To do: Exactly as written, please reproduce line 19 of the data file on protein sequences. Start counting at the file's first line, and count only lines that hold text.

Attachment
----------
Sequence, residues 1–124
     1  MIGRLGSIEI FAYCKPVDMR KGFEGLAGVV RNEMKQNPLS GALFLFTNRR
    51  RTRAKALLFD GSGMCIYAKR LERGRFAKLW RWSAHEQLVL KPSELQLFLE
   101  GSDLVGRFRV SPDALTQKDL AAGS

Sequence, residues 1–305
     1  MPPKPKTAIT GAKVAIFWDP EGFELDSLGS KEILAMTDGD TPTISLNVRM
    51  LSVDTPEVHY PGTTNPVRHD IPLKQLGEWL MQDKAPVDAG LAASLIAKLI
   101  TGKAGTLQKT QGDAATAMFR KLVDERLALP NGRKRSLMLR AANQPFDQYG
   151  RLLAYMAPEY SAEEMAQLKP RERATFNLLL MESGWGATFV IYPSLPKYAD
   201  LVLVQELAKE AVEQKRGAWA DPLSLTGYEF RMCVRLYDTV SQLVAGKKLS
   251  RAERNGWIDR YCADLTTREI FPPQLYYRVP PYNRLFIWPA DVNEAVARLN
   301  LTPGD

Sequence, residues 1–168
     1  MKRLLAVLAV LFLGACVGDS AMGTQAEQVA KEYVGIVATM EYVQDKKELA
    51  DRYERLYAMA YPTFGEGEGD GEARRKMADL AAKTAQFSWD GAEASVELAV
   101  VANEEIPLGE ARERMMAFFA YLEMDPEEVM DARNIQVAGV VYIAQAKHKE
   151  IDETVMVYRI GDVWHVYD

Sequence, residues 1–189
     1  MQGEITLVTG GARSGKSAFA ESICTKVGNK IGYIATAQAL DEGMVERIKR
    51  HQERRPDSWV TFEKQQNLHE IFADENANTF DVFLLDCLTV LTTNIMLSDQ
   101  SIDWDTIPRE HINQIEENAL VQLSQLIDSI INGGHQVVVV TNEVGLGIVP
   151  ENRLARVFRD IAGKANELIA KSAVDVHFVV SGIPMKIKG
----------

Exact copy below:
     1  MQGEITLVTG GARSGKSAFA ESICTKVGNK IGYIATAQAL DEGMVERIKR